I’ve chosen 150 because it is Dunbar’s number. It’s the total amount of people a person can remember. While also remembering their family situation, their job and everything that makes them.

Thus you will know these 150 people through and through.

Let’s assume you have figured out a persona that is based on reality.

Let’s call him Waldo.

One of most important steps of creating a persona is looking at how you can reach them.

Let’s think about this:

  • Is Waldo part of a facebook group?
  • Does he frequent other businesses?
  • Does he go to local meetups?

Reaching those first few customers is an experiment to find if Waldo uses those channels. Start with a variety of channels, then look at your metric.

I’ve included some examples of channels you can start with:

”I know what Waldo is looking for online.”

  • Start with Google Adwords and direct traffic to your website.
  • Become the authority in your field, building SEO value and producing content.

”I know other businesses Waldo frequents.”

  • Start a partnership with another business. Try to get access to their customers, or let them use your product/service as an upsell.

”I know what interests Waldo”

  • Start an Instagram, Pinterest or social media group to connect different Waldo’s together. And let them connect with you.

I Can’t Find Waldo

You’ve chosen some Reach channels to start finding Waldos. Yet after a few days or weeks you conclude your metric has not gone up.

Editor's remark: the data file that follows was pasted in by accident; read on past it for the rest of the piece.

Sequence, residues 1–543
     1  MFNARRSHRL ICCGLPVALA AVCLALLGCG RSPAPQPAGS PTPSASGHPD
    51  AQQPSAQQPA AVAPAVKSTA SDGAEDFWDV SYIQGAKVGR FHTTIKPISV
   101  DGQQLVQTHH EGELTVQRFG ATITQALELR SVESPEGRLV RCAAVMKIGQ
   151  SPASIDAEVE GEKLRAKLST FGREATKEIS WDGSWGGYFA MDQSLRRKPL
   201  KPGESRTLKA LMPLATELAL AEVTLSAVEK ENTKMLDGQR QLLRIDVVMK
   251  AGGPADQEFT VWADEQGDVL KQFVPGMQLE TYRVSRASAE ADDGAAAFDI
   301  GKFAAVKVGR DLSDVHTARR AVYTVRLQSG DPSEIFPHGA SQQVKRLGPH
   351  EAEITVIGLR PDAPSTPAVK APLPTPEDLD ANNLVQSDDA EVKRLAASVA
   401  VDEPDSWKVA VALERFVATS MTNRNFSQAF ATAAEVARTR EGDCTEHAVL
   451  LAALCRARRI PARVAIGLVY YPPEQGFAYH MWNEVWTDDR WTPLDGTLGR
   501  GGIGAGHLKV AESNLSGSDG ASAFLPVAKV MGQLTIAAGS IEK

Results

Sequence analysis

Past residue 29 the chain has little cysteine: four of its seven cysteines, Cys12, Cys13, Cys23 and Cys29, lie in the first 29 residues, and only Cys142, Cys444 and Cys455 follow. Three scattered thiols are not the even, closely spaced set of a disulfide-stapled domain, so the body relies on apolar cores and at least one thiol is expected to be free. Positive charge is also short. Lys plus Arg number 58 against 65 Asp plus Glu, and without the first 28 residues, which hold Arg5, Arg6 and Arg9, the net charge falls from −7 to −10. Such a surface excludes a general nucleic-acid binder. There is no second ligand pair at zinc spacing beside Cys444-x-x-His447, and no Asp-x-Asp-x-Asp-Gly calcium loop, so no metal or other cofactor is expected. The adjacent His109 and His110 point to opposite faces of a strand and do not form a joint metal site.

In other words, you’re not reaching them. You’re wondering, Where’s Waldo?

This means one simple thing: Your channels aren’t used by your Personas.

Go back to the drawing board and rework your personas. Think of more channels that Waldo could be using. Then implement them and try again.

In a perfect scenario you rework personas.


If you are sure your channels are correct, think about changing your message or copy. This can have an impact on how customers perceive you.


I Have Found Waldo

Great! You’ve found a repeatable way to finding customers!

Don’t stop now. Keep in touch with your customers and figure out if there’s more channels to be in.

Until you get those customers, you need to understand everything about your customers.

When you’ve reached that 150 customers mark, you will know enough about who your personas are. This means you now have a basic Reach strategy that works for your business.

From here, you can start thinking on how else you could Reach customers. And how customers can start reaching you.

For example, through loyal Customers or creating customers by helping them discover an interest.

These are ideas I will write about in future articles. For now, I think this gives you a push into the right direction.

Next to that, I thought it would be even better to provide guides and ideas on a couple of tools for each Customer Lifecycle Marketing (CLM) stage.

Please write any questions or feedback in the comments below. I always appreciate talking about this work in progress.


Dunbar’s number
Udacity Course, Business Model Canvas – Steve Blank
E-Metrics, Business Metrics For The New Economy by Jim Sterne and Matt Cutler (2000)